Timeline of key events in biotechnology

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The enzyme, diastase, was discovered by the French chemist Anselme Payen. It was published in A Payen, JF Persoz, 'Mémoire sur la diastase, les principaux produits de ses réactions et leurs applications aux arts industriels, 53 (1833), 73-92. 1833-01-01T00:00:00+0000Garrett Anderson was the first woman to qualify as a woman in Britain (1865) and the first woman to receive a medical degree in France (1870). Unable to take up a medical post in any hospital in Britain Garrett Anderson opened her own practice and in 1866 opened the St Mary's Dispensary for Women and Children. She subsequently co-founded the London School of Medicine for Women (later called the Royal Free Hospital of Medicine). It was the first hospital to be staffed by women and to train women doctors. Garrett Anderson was dean of the hospital's medical school from 1883-1903. .1836-06-19T00:00:00+0000The Swedish chemist Jons Jakob Berzelius first proposed term to describe a single substance that was a component of living matter.1838-01-01T00:00:00+0000Kocher was a physician and medical researcher who was a major pioneer in the fields of applied surgery, neurosurgery and, especially, thyroid surgery and endocrinology. His success in the field of surgery is attributed to his implementation of antiseptic wound treatment, use of special masks on patients for anaesthesia and controlling blood loss during surgery. Kocher was awarded the Nobel Prize in Physiology or Medicine in 1909 for his work on the physiology, pathology and surgery of the thyroid. He was the first Swiss person and first surgeon to ever receive the prize. Within the field of neurosurgery he showed that some epilepsy cases were caused by brain tumours that could be surgically removed.1841-08-25T00:00:00+0000von Nageli identified string-like bodies in cell nucleus. He did not know they played role in heredity. 1842-01-01T00:00:00+0000Flemming was a biologist who is credited with the foundation of cytogenetics. He was the first to describe the behaviour of chromosomes during cell division, a process he called mitosis. This he discovered through investigations of the fins and gills of salamanders. He first published his findings in 1878. In addition to his pioneering scientific work, Flemming is famous for his social activism. Notably he fed the homeless on a weekly basis and donated 20% of his salary to homeless shelters. He also taught mathematics and science to children too poor to attend school. 1843-04-21T00:00:00+0000Golgi was a cytologist and pathologist who shared the 1906 Nobel Prize in Medicine for research into the nervous system. He developed a microscopic staining technique, using silver compounds, for seeing new and unseen structures in nerve tissues and individual neurons in the brain. This he invented in 1873 while working as chief medical officer at the Hospital for the Chronically ill. Golgi was the first to provide clear descriptions of the structure of the cerebellum, hippocampus, spinal cord, olfactory lobe. He also defined striatal and cortical lesions in the case of chorea, a neurological disorder. 1843-07-07T00:00:00+0000Koch was a major bacteriologist. He was responsible for the identification of the causative agents of anthrax (1876), tuberculosis (1882) and cholera (1883). This was aided by the photomicrography method he developed. The technique involved preparing thin layers of bacteria on glass slides which were fixed by heat. Koch also invented a method for culturing microorganisms in a drop nutrient solution on the underside of a glass slide. In 1890 he laid out 4 general criteria, known Koch's postulates, for establishing the causative relationship between a microbe and a disease. Koch was awarded the Nobel Prize for Medicine in 1905 for his groundbreaking work on tuberculosis. 1843-12-11T00:00:00+0000Miescher was the first person to isolate nucleic acids from the nuclei of white blood cells. This he did in 1869. The significance of his work, first published in 1871, was initially missed by the scientific community. Miescher later suggested that nucleic acids could carry the genetic blueprint for life. In addition to his work on nucleic acids, Miescher demonstrated carbon dioxide concentrations in blood regulate breathing. Twitter1844-08-13T00:00:00+0000Mechnikov was awarded the Nobel Prize in 1908 for his discovery of phagocytes (macrophages), a type of immune cell that protects the body by ingesting harmful foreign substances like bacteria and dead or dying cells. He made the discovery in 1882 while studying an unusual group of cells that clustered around thorns he pinned into starfish larvae. Based on this work he hypothesised that inflammation resulted from the process by which white blood cells attacked and destroyed bacteria. The scientific community took time to accept this idea. 1845-05-16T00:00:00+0000Laveran was a physician who was one of the first to show protozoan parasites were the cause of disease. He first made the link in 1880 after finding parasites in a blood smear taken from a patient who had just died from malaria. This parasite would later be called Plasmodium. Laveran subsequently identified Trypanosoma, another protozoan parasite, was the cause of trypanosomiasis (African sleeping sickness). In 1907 he was awarded the Nobel Prize on the back of these discoveries. Laveran devoted half of his prize money to set up the Laboratory of Tropical Medicine at the Pasteur Institute where he was Chief of the Honorary Service.1845-06-18T00:00:00+0000van Beneden was a cytologist and embryologist. He worked out how chromosomes divide during cell meiosis. Based on studies of an intestinal worm found in horses, he also showed that fertilisation involves the union of two half-nuclei, one form the male sperm cell and one from the female egg, each containing half the the number of chromosomes found in all cells. He later demonstrated that the chromosome number is constant for every body cell in each species. 1846-03-05T00:00:00+0000MacEwen was a Scottish physician who developed a technique to locate brain tumours by observing changes in motor and sensory functions. He performed the first successful intracranial surgery in 1879 on a teenage girl. The operation was conducted based on preoperative observation of twitches on her face and arms. The patient lived for another eight years. An autopsy performed after her death showed no trace of her tumour. 1848-06-22T00:00:00+0000Hertwig was a biologist who determined that fertilisation starts when the nuclei of sperm and ovum cells fuse. This he proved in 1876 through experiments with sea urchins. Eight years later he demonstrated, through investigations of frog eggs, that the cell divides along its long axis. He was also prescient in predicting, in 1885, that the nucleic acid is the substance responsible for fertilisation and the transmission of hereditary traits. This phenomenon was proven in 1944. 1849-04-21T00:00:00+0000Richet was a physiologist who shared the 1913 Nobel Prize for Medicine for the discovery of anaphylaxis, an acute allergic reaction where extremely small doses of an allergen may cause life-threatening anaphylactic shock. This phenomenon he discovered with Paul Portier after they attempted to immunise dogs against a toxin from sea anemones. Some of these dogs developed respiratory distress and died when injected with a second dose of the toxin. Richet and Portier hypothesised this was due to reduced immunity and increased sensitivity to the toxin. Their finding provided the first evidence that the immune system could damage as well as provide protection against disease. Richet went on to help elucidate the cause of hay fever, asthma and other allergic reactions to foreign substances. 1850-08-26T00:00:00+0000Ramon y Cahal was a histologist and neuroscientist. He combined scientific and artistic skills to uncover the structure of the nervous system. His theory that the brain is made up of individual cells rather than a tangled web is now a fundamental principle in neuroscience. He shared the Nobel Prize for Medicine in 1906 for his discoveries about the structure of the nervous system. 1852-05-01T00:00:00+0000Petri was a microbiologist who is credited with inventing the petri dish, a shallow glass cylinder used to culture cells and bacteria. This he developed in the late 1870s while working as an assistant to Robert Koch. Petri developed the dish to help culture bacteria on agar plates. He subsequently developed the technique of agar culture to clone bacterial colonies derived from single cells. His work helped improve the process of identifying bacteria responsible for disease. 1852-05-31T00:00:00+0000Fischer was a German chemist who opened up the era of biochemistry by clarifying the structure of sugars and enzymes and elaborating how they were formed. In 1902 he was awarded the Nobel Prize for Chemistry for demonstrating the structure of biological compounds, including sugars proteins and purines. He synthesised many natural occurring molecules for the first time, including glucose, caffeine, and uric acid. In addition, he managed to synthesis several amino acids and created small chains of them as precursors to protein formation. Fisher is also associated with the idea of the 'lock and key' mechanism which is used to explain how enzymes catalyse certain reactions and not others.1852-10-09T00:00:00+0000Gram was a bacteriologist who developed a method to quickly identify two different large groups of bacteria. His method is now routinely used for histology and microbiology. Bacteria that absorb the stain which turn purple are known as Gram positive bacteria, and those that do not absorb the stain, which might be coloured pink with a counterstain, are labelled Gram negative. 1853-09-13T00:00:00+0000Kossel was a German biochemist who was a key pioneer in the field of genetics. He was awarded the Nobel Prize in 1910 for having isolated and described the five organic compounds present in nucleic acid. The compounds he isolated were adenine, cytosine, guanine, thymine, and uracil. These are key to the formation of DNA and RNA. Kossel's work also laid the foundation for determining the composition of protein and its polypetides. 1853-09-16T00:00:00+0000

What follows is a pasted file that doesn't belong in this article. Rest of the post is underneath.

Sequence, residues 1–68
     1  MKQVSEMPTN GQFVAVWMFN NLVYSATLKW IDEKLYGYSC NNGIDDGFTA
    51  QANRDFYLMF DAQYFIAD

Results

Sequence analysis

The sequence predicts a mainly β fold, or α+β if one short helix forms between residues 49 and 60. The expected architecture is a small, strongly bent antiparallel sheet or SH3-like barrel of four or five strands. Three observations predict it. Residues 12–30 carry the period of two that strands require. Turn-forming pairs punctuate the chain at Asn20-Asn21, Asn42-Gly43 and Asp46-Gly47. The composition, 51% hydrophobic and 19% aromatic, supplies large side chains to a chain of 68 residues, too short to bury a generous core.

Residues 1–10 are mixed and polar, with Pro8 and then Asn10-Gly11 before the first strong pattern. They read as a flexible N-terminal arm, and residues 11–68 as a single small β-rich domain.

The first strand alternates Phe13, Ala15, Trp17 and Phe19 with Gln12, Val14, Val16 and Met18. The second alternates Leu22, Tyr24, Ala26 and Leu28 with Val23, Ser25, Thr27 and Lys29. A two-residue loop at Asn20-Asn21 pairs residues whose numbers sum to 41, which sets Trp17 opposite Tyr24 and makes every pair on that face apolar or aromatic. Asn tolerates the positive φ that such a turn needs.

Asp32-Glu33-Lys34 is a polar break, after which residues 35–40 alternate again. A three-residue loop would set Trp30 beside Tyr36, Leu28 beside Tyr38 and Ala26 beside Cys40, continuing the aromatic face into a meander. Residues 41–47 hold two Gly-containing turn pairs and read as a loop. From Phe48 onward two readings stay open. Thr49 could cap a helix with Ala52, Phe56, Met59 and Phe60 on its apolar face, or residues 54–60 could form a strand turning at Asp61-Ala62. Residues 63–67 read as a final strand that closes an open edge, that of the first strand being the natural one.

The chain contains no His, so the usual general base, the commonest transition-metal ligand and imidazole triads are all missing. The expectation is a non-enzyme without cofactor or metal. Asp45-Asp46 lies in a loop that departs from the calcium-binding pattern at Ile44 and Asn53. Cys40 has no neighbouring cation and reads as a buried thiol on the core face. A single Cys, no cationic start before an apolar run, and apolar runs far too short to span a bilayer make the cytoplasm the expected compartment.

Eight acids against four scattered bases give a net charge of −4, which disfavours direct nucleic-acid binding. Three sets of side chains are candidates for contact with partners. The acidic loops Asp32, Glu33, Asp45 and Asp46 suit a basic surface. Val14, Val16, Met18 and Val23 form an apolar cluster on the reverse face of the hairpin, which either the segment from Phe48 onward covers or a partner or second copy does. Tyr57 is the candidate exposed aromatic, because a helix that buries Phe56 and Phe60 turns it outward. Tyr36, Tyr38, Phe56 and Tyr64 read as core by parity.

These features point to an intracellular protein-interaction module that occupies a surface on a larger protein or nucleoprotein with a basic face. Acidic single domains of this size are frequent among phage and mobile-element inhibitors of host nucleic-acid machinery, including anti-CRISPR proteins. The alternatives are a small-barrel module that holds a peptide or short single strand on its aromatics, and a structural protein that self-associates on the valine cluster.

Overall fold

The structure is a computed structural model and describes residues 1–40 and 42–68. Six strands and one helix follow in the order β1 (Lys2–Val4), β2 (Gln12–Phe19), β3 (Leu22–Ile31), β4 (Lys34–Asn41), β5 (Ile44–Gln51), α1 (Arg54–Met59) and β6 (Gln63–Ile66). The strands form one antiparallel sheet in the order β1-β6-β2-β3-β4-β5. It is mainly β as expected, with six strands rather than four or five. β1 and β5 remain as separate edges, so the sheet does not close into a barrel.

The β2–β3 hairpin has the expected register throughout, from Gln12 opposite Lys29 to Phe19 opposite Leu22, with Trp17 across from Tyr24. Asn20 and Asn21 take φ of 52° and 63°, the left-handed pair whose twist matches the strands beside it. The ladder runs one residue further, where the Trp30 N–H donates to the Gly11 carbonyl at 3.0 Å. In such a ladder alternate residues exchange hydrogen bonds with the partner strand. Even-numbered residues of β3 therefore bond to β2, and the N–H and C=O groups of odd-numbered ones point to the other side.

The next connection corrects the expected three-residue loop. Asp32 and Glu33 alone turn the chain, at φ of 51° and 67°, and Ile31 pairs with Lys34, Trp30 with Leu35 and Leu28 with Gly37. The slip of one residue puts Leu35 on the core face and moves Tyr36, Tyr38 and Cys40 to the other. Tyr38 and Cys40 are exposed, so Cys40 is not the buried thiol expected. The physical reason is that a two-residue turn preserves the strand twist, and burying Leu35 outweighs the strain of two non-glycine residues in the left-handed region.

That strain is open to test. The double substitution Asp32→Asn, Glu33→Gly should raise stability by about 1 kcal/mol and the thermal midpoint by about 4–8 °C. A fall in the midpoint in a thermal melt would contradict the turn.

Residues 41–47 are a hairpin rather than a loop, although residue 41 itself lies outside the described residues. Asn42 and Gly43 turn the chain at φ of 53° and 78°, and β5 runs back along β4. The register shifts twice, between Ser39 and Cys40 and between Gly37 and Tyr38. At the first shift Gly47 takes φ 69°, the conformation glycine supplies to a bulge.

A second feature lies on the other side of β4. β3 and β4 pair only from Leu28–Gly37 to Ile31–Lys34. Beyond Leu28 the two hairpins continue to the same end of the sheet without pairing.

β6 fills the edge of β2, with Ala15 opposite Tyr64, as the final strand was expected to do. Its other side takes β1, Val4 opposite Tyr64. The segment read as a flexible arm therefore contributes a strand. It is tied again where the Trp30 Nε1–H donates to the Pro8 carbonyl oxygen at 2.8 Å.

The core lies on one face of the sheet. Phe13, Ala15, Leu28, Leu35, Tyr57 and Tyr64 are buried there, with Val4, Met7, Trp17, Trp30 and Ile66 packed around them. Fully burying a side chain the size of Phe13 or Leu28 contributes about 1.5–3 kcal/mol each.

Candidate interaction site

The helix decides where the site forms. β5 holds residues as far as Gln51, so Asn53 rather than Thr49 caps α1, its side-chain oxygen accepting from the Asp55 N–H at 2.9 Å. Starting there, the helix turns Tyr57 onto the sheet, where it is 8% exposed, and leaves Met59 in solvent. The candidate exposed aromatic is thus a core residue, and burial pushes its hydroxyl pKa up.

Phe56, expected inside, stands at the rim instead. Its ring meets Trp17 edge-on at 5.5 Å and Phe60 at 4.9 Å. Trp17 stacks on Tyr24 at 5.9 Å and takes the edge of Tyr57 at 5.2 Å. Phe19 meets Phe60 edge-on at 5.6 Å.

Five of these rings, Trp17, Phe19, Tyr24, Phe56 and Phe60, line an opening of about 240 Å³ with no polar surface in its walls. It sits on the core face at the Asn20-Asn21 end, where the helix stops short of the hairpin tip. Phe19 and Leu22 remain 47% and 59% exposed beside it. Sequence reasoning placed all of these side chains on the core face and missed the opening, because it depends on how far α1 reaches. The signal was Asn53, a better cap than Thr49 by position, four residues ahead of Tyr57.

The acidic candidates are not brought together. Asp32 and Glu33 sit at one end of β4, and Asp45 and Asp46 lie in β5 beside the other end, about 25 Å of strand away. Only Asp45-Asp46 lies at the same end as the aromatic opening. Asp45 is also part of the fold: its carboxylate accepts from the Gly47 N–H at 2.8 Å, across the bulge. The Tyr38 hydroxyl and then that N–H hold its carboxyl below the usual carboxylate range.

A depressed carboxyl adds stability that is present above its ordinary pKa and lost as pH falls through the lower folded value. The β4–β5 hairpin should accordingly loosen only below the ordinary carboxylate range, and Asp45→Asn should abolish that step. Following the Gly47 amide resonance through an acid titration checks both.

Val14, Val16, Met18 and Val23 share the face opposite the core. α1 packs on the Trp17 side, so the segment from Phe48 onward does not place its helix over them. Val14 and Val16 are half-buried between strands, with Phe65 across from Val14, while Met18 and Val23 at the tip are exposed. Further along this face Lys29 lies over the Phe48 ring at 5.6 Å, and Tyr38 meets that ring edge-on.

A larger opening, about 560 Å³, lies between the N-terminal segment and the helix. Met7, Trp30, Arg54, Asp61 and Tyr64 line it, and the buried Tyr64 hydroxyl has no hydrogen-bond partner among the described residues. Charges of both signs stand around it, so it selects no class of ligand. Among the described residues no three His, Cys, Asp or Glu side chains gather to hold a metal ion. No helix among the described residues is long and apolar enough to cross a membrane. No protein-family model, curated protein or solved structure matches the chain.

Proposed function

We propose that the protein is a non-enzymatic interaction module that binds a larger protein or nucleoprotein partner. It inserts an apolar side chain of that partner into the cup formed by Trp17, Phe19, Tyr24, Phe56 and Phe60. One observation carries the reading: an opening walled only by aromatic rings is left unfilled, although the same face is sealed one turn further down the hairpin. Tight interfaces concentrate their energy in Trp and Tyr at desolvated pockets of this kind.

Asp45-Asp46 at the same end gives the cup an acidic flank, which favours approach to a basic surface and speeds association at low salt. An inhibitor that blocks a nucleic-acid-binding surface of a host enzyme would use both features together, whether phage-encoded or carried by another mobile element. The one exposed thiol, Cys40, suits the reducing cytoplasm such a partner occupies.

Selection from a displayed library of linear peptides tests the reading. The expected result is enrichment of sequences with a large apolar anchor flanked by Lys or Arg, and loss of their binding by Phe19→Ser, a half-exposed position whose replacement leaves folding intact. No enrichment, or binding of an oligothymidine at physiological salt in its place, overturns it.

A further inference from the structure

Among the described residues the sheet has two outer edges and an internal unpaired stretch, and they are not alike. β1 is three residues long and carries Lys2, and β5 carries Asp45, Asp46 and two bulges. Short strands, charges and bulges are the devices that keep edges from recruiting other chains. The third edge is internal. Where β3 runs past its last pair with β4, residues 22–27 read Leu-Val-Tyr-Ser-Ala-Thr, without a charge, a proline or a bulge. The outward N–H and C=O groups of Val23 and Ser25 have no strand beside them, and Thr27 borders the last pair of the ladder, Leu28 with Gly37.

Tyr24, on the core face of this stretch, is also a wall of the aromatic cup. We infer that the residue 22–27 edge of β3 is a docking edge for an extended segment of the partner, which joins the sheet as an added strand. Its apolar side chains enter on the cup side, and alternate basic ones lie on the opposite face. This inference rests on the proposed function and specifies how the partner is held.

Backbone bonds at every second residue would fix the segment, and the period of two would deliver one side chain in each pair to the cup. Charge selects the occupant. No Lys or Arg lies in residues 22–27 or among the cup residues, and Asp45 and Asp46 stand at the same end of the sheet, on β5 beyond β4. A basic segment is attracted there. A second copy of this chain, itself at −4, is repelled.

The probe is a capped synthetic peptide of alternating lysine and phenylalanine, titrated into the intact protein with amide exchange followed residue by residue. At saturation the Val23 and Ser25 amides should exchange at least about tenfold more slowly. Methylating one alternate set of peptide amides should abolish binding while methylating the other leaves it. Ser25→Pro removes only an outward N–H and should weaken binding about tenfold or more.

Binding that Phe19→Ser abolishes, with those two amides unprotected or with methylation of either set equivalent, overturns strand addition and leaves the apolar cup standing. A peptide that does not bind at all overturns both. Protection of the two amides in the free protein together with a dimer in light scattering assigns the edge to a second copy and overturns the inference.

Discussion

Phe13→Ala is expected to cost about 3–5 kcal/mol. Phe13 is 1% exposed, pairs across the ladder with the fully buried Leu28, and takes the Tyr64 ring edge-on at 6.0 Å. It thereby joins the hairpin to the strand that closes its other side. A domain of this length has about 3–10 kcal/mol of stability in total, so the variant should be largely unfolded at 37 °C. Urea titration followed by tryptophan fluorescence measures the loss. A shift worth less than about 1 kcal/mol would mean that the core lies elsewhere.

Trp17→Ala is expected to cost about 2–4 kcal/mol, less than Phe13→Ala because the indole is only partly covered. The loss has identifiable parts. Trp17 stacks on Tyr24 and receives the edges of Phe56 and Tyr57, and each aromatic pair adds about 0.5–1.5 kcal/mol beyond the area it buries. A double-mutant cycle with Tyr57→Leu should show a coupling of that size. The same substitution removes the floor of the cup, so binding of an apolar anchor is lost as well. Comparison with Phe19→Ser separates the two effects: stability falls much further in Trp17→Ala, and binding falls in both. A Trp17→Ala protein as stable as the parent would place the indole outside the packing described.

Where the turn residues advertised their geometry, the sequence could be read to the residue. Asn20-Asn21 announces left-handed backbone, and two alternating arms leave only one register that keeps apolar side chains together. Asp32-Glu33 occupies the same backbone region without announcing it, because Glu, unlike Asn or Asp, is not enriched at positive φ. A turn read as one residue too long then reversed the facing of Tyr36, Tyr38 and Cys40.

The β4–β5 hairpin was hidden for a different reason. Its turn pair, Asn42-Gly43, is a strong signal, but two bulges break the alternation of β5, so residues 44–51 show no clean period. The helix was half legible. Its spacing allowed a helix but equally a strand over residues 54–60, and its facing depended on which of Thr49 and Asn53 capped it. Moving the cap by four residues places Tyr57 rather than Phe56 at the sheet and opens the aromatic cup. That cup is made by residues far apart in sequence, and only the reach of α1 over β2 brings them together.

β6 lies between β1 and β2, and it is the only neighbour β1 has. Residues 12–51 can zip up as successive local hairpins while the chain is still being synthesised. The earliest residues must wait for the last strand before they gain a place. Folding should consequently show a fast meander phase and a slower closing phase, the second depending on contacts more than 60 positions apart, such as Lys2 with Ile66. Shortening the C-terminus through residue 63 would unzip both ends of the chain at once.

Date Event People Places Sciences
1833The first enzymes were isolatedPayen, Persoz  
19 Jun 1836Elizabeth Garrett Anderson was bornGarrett AndersonRoyal Free Hospital 
1838The term 'protein' first coinedBerzeliusRoyal Swedish Academy of Sciences 
25 Aug 1841Emil Theodor Kocher was born in Berne, SwitzerlandKocherUniversity of BerneNeuroscience, Endocrinology, Surgery
1842First observation of chromosomes by Swiss botanist Karl von NageliNageliGenetics, DNA
21 Apr 1843Walther Flemming was born in Schwerin, GermanyFlemmingUniversity of KielCell, Genetics
7 Jul 1843Camillo Golgi was born in Corteno, ItalyGolgiUniversity of PaviaNeuroscience
11 Dec 1843Robert Koch was born in Clausthal (now Clausthal-Zellerfeld), GermanyKochUniversity of BerlinBacteriology
13 Aug 1844Johann Friedrich Miescher was born in Basel, SwitzerlandMiescherUniversity of TubingenDNA
16 May 1845Ilya Ilyich Mechnikov was born in Kharkov (now Kharkiv), Russian Empire (now Ukraine)MechnikovPasteur InstituteImmunology
18 Jun 1845Charles L Alphonse Laveran was born in Paris, FranceLaveranPasteur InstituteInfectious diseases
5 Mar 1846Edouard van Beneden was born in Leuven, Belgianvan Beneden University of LiegeCell, Genetics, DNA
22 Jun 1848William MacEwen was bornMacEwenUniversity of GlasgowNeuroscience
21 Apr 1849Oskar Hertwig was born in Friedberg, GermanyHertwigFriedberg, GermanyReproduction, Genetics
26 Aug 1850Charles R Richet was born in Paris, FranceRichetSorbonne UniversityImmunology
1 May 1852Santiago Ramon y Cajal was born in Petilla de Arago, SpainRamon y CajalMadrid UniversityNeuroscience
31 May 1852Richard Julius Petri was bornPetriImperial Health OfficeBacteriology
9 Oct 1852Hermann Emil Fischer was born in Euskirchen, Prussia (now Germany)FischerUniversity of BerlinBiochemistry
13 Sep 1853Hans C J Gram was born in Copenhagen, DenmarkGramUniversity of CopenhagenBacteriology
16 Sep 1853Albrecht Kossel was born in Rostock, Mecklenburg (now Germany)KosselUniversity of HeidelbergGenetics

1833

The first enzymes were isolated

19 Jun 1836

Elizabeth Garrett Anderson was born

1838

The term 'protein' first coined

25 Aug 1841

Emil Theodor Kocher was born in Berne, Switzerland

1842

First observation of chromosomes by Swiss botanist Karl von Nageli

21 Apr 1843

Walther Flemming was born in Schwerin, Germany

7 Jul 1843

Camillo Golgi was born in Corteno, Italy

11 Dec 1843

Robert Koch was born in Clausthal (now Clausthal-Zellerfeld), Germany

13 Aug 1844

Johann Friedrich Miescher was born in Basel, Switzerland

16 May 1845

Ilya Ilyich Mechnikov was born in Kharkov (now Kharkiv), Russian Empire (now Ukraine)

18 Jun 1845

Charles L Alphonse Laveran was born in Paris, France

5 Mar 1846

Edouard van Beneden was born in Leuven, Belgian

22 Jun 1848

William MacEwen was born

21 Apr 1849

Oskar Hertwig was born in Friedberg, Germany

26 Aug 1850

Charles R Richet was born in Paris, France

1 May 1852

Santiago Ramon y Cajal was born in Petilla de Arago, Spain

31 May 1852

Richard Julius Petri was born

9 Oct 1852

Hermann Emil Fischer was born in Euskirchen, Prussia (now Germany)

13 Sep 1853

Hans C J Gram was born in Copenhagen, Denmark

16 Sep 1853

Albrecht Kossel was born in Rostock, Mecklenburg (now Germany)